Quantum mechanical calculations involving molecules can be intuitively divided into two parts, the method and the basis set. The choice of the basis set is of fundamental importance because it determines the accuracy of the calculation within the limits of the associated theoretical method. Often it is treated as a black box and selected by experience rather than the understanding of the underlying physics of basis sets. This has severely limited the accessibility of ab-initio calculations for non-specialists and researchers new to the discipline.
J. Grant Hill, University of Glasgow, UK, delves into this question in great detail for Gaussian type orbitals (GTOs). In addition to cover the all-necessary physical and mathematical basis to help new practitioners in their first informed choices of the basis, Grant Hill also discusses issues of computational costs associated with basis sets that account for electron-electron repulsion and electron correlation. These are particularly important matters to be considered in problems involving transition metals, biomolecules, and magnetic materials. In particular, the choice of the correct basis sets for transition metal, heavier alkali and alkaline earth and rare earth elements remains a challenge as these pose problems in terms of strong relativistic effects and multi-reference character.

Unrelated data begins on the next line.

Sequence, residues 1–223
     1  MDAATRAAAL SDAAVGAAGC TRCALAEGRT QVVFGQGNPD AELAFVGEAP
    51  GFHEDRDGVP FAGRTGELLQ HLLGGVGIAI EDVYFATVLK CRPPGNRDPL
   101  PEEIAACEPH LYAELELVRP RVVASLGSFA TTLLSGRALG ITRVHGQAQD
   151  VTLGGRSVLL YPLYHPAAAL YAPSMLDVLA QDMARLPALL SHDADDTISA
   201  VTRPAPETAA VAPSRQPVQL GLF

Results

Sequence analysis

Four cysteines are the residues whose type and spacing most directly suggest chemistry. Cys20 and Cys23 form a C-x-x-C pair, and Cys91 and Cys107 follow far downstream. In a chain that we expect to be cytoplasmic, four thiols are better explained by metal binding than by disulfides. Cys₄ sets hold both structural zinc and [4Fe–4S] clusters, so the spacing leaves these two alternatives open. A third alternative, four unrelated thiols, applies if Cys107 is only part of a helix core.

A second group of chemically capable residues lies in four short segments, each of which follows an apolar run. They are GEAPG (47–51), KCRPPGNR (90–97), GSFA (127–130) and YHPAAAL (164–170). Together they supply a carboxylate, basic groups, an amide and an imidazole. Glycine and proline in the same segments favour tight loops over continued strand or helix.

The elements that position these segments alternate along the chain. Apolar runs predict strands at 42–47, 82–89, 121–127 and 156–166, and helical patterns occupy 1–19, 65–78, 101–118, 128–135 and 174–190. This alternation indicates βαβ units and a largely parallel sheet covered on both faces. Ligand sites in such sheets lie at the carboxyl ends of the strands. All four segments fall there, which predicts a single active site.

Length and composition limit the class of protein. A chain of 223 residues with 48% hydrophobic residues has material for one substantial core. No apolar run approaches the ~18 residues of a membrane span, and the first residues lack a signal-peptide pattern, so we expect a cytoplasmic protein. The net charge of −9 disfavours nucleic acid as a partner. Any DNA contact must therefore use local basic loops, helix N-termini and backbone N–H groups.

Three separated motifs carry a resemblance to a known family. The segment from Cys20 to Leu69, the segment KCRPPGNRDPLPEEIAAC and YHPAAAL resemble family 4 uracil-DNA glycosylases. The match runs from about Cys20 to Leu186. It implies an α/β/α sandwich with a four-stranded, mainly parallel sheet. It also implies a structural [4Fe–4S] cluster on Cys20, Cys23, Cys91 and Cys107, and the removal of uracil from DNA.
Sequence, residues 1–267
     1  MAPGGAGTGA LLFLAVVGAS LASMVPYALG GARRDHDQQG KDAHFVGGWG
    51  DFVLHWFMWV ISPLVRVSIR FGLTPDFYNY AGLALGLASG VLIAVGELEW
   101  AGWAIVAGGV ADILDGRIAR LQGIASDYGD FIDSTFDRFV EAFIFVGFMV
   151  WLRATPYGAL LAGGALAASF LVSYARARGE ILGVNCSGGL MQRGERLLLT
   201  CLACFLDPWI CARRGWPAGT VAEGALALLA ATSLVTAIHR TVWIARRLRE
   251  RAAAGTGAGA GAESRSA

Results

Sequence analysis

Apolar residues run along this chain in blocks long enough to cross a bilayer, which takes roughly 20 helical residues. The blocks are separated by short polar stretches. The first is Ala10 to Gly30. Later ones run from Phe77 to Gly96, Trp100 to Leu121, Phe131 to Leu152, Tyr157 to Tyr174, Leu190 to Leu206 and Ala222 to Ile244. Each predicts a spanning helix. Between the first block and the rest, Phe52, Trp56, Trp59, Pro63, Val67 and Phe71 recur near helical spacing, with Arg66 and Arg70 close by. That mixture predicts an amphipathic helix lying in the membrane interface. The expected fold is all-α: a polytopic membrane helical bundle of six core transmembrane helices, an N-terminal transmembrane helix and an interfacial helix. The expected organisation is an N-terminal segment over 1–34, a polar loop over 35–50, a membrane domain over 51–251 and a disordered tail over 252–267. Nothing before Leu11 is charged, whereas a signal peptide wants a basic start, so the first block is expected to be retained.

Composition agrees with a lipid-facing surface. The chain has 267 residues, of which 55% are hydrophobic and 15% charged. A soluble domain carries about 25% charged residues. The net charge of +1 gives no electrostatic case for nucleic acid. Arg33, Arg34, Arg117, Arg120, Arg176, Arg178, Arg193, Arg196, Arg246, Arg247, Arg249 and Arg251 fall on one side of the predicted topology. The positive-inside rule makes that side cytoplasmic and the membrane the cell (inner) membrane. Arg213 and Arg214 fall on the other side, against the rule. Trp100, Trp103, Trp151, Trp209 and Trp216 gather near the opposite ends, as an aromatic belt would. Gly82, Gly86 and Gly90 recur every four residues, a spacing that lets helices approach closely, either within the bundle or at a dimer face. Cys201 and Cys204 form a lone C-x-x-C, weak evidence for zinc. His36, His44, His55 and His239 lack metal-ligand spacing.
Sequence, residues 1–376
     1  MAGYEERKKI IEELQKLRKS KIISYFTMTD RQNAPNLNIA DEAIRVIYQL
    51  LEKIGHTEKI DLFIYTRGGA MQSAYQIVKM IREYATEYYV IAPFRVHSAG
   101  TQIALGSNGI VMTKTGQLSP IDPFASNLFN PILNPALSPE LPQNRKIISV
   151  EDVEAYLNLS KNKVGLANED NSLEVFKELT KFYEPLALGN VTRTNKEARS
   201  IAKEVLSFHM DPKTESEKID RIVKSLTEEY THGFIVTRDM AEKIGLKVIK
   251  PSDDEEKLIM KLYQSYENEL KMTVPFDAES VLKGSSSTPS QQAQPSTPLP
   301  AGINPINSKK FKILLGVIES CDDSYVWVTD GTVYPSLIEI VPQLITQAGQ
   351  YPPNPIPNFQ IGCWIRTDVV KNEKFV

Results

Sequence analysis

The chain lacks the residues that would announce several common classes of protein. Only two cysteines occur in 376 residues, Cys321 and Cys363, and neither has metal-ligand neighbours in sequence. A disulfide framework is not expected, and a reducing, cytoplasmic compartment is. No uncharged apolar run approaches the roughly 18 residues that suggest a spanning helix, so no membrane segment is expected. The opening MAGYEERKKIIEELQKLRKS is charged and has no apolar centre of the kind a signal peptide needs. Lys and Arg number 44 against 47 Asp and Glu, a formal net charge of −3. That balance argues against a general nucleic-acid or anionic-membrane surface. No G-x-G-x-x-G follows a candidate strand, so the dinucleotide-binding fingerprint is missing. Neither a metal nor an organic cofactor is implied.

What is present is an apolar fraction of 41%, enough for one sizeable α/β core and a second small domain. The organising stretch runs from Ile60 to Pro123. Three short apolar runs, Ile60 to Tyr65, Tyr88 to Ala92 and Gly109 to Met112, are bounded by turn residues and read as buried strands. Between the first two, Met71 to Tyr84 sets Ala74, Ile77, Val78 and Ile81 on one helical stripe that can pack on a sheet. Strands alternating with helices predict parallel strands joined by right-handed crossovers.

- Gaussian basis sets for molecular applications,
J. Grant Hill,
Int. J. Quantum Chem. 2012.
Also of interest:
- Atomic orbital basis sets,
WIREs Comput Mol Sci. 2012.